From online hotel bookings, e-visas, mobile app travel guides, technology has a huge impact on modern travellers. Picture: Pexels.
From online hotel bookings, e-visas, mobile app travel guides, technology has a huge impact on modern travellers. Picture: Pexels.

Travel 2020: how tech will enhance travel experiences

By Staff Reporter Time of article published Jan 21, 2020

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The World Tourism Organisation estimates 1.8 billion tourists are set to travel globally by 2030. 

Going hand in hand with this travelling populace is a technological revolution of sorts. Among the most important and common smart travel offerings are solutions like electronic visa on arrival, eVisa products, biometric smart gates and other smart infrastructure, which are being introduced at several border and immigration checkpoints that are driving the number of people in visiting other parts of the world.

The opportunities are endless for the travel industry to transform and adapt itself to take advantage of this growing market, said VFS Global’s Regional Group COO Jiten Vyas. 

He believes that companies must explore options to traditional solutions if they want to survive these fast-paced changes.

“Constant technological updates in the industry lead to new levels of innovation in services. Innovation is the only way organisations can provide the best experience to customers, and retain their competitive advantage.

“These changing market dynamics urge us to constantly assess how we can make the traditionally stringent visa process even more streamlined, customised and better suited to the needs of the traveller. A case in point is the pioneering Visa At Your Doorstep solution, which brings the visa application and biometrics process to the customer’s doorstep. Eliminating the need for the customer to visit the centre, technology has allowed the entire application setup, including the biometric kit, to be taken to outstation customers living too far away from the Visa Application Centres,” said Vyas.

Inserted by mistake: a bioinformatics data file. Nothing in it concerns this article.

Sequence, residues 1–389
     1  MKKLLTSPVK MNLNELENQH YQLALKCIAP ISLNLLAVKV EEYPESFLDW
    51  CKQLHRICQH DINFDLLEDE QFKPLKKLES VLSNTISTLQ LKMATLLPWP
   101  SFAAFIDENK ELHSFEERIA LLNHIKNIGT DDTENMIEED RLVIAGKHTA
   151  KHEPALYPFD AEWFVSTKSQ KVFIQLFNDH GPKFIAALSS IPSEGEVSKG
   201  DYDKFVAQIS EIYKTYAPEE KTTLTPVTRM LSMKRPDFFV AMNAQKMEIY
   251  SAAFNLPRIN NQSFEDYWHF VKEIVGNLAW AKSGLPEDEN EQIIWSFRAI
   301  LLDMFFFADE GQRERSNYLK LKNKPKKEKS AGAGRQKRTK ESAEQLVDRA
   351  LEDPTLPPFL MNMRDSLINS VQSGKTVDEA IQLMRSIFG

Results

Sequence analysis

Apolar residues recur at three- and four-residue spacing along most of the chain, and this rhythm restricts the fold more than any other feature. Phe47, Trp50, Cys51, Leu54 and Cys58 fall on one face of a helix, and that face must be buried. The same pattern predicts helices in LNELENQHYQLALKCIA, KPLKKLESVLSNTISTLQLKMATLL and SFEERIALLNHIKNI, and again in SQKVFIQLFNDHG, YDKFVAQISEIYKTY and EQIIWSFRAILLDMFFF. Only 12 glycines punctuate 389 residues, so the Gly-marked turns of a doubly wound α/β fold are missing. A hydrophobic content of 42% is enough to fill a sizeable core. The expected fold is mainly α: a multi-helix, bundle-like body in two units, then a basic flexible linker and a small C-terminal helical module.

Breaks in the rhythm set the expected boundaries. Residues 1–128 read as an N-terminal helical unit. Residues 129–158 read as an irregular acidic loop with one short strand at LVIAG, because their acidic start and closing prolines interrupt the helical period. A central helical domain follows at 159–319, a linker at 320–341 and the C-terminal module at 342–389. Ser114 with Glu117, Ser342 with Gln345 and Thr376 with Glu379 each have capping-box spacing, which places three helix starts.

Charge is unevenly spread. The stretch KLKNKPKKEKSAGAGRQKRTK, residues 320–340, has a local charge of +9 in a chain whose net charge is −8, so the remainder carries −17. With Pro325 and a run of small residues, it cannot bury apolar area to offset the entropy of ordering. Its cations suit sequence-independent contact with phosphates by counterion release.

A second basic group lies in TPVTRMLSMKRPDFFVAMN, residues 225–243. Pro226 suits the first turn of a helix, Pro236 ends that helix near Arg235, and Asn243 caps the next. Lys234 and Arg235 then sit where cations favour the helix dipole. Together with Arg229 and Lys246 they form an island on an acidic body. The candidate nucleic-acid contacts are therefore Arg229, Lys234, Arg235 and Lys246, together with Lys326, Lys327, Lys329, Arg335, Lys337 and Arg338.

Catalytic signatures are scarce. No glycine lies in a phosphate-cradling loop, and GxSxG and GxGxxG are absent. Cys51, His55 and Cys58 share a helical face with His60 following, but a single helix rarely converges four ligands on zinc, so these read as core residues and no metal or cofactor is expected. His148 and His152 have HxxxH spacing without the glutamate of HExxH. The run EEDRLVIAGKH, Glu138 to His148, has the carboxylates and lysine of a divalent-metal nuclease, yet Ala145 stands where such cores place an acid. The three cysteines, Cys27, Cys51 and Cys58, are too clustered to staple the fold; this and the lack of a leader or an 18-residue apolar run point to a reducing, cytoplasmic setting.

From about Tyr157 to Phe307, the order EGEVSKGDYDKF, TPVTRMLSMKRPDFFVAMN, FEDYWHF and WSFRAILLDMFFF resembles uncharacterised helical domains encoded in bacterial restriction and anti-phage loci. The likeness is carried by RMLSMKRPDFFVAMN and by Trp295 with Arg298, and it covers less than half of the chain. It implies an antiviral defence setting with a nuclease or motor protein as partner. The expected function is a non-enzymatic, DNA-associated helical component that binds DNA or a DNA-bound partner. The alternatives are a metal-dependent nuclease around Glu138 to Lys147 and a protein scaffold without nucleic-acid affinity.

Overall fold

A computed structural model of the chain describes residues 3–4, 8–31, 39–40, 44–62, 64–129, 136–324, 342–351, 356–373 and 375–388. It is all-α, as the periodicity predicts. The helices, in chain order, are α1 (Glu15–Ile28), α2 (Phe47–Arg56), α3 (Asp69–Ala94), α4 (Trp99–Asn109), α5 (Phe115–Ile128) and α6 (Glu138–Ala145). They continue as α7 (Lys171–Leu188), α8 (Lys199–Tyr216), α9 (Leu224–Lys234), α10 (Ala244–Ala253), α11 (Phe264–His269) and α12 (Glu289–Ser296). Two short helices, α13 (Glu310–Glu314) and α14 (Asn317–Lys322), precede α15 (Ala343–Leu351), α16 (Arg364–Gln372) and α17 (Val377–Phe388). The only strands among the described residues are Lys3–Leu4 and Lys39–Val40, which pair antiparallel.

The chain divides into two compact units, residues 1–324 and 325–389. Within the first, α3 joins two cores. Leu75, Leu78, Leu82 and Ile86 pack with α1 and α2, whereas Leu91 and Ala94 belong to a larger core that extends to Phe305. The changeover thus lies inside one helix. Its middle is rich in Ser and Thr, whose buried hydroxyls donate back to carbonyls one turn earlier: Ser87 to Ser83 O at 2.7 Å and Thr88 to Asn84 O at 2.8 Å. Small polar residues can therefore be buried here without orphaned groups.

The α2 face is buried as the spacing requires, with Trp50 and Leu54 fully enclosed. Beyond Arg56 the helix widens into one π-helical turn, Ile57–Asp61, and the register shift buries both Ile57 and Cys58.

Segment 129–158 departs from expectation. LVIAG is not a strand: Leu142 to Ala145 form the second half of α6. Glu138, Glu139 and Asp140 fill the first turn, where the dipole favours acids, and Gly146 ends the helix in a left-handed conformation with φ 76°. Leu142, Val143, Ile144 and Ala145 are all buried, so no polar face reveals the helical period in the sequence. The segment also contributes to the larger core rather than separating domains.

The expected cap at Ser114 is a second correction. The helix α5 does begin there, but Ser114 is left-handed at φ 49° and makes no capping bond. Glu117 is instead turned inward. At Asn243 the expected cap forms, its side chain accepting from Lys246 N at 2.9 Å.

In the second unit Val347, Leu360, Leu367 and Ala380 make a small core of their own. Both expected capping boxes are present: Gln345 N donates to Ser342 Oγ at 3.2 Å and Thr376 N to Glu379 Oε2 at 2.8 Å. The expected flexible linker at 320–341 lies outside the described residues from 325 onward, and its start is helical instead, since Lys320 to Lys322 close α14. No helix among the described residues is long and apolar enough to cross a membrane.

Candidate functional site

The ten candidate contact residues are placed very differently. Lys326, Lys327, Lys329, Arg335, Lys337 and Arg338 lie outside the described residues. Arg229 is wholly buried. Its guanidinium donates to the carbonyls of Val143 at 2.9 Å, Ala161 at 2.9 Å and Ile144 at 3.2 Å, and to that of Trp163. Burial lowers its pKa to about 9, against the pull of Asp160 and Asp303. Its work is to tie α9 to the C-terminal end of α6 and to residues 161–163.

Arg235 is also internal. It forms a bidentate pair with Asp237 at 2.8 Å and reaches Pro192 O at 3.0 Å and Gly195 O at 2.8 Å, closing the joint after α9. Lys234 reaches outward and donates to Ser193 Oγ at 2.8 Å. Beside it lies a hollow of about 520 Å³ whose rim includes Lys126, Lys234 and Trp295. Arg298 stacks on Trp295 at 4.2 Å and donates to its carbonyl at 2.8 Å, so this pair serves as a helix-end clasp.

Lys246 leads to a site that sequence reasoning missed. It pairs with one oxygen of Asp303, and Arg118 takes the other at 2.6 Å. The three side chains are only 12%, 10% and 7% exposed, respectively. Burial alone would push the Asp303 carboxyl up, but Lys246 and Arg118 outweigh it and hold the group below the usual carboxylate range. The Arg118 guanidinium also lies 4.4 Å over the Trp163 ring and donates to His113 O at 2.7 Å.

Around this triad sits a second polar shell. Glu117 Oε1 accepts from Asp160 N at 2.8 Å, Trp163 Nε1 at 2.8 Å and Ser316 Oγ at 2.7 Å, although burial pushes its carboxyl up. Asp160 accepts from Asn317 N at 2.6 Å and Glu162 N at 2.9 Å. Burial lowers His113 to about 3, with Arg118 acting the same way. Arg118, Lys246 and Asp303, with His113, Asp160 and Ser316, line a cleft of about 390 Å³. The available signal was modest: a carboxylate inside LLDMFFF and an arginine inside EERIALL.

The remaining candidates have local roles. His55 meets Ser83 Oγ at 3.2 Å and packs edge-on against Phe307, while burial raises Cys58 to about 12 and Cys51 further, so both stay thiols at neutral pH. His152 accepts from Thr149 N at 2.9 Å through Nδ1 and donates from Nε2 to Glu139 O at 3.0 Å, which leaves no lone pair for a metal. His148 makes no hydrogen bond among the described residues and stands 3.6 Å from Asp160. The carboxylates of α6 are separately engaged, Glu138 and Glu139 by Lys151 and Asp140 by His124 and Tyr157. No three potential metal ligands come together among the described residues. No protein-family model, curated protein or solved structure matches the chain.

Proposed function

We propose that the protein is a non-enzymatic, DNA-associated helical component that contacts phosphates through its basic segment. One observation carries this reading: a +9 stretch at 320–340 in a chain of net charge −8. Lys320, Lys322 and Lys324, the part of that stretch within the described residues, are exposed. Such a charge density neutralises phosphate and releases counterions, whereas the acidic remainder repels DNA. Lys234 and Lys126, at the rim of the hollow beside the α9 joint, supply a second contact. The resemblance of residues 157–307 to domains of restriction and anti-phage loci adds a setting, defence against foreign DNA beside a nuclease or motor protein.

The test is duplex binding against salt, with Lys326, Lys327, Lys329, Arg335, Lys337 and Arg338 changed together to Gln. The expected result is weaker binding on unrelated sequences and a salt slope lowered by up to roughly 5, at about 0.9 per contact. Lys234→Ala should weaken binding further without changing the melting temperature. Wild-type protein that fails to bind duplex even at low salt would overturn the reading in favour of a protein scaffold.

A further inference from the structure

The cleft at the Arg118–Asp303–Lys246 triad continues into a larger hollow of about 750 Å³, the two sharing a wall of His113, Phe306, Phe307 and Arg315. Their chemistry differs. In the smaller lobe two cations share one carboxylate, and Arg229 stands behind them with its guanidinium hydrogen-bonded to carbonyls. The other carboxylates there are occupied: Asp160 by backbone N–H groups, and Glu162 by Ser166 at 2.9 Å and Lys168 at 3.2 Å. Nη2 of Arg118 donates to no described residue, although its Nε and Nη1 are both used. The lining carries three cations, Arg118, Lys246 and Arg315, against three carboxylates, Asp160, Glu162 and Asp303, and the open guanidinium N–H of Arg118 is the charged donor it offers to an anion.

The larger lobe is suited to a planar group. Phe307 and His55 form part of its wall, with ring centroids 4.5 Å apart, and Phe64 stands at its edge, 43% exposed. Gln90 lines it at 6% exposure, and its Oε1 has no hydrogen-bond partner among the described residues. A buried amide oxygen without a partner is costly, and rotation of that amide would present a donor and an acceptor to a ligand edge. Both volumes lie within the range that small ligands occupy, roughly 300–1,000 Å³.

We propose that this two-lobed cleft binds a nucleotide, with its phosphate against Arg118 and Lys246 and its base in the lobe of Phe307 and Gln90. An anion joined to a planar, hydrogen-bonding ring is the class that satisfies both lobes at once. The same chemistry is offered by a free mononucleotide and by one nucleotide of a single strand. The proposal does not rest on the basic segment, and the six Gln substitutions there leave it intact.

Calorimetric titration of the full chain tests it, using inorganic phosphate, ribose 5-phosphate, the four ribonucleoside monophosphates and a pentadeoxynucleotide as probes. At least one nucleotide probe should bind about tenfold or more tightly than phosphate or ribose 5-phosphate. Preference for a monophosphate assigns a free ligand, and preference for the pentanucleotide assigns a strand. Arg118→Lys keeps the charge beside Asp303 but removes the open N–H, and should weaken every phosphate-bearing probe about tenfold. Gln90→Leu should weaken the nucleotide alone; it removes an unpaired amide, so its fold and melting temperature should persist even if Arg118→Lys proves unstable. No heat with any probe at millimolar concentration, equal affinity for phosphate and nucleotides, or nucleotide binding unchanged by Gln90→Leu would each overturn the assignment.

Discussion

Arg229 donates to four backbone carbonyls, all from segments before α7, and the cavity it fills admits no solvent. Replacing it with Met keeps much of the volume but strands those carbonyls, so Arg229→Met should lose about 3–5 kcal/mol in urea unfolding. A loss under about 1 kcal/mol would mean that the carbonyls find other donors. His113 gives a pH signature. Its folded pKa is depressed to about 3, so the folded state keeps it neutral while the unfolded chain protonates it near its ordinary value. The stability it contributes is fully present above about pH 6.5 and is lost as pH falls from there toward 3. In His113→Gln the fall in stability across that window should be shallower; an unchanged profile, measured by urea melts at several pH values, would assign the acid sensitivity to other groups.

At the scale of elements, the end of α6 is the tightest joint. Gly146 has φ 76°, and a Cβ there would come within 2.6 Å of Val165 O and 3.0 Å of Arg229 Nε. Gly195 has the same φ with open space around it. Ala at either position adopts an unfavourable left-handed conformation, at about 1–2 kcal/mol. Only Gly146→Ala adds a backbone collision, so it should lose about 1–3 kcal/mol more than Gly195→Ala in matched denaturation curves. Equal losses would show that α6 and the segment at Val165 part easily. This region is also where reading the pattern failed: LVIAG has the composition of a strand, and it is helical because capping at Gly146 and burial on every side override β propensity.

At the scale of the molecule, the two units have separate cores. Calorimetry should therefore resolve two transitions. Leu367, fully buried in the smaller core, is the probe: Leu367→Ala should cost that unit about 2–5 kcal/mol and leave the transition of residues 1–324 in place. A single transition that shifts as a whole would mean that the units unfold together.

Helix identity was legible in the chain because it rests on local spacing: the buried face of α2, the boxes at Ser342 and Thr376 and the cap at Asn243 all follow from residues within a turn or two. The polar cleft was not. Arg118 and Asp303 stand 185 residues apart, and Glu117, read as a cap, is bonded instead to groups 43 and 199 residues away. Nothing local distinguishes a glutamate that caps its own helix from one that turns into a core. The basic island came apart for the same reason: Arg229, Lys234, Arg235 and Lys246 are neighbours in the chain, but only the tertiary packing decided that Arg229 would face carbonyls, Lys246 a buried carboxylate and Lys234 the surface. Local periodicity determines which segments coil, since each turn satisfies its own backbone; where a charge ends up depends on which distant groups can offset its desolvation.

He said technology isn’t without its challenges. 

“While it has made systems more transparent, it has also heightened concerns about data protection and privacy. Since most travellers’ information is stored online, robust storing and purging measures are expected to be in place, a requirement especially crucial in the visa services space, given the large quantities of user data processed.” 

He shared some insight on the General Data Protection Regulation across the European Union, which came into effect since May 2018. 

He said it now served as a global benchmark for data security and privacy measures.

“In the wake of still newer trends in artificial intelligence, block chain automation, and machine learning, it is only a matter of time how the travel trade and allied industries integrate more such advancements into everyday operations – a combination that will be nothing but a win-win for both the company and the customer,” Vyas concluded. 

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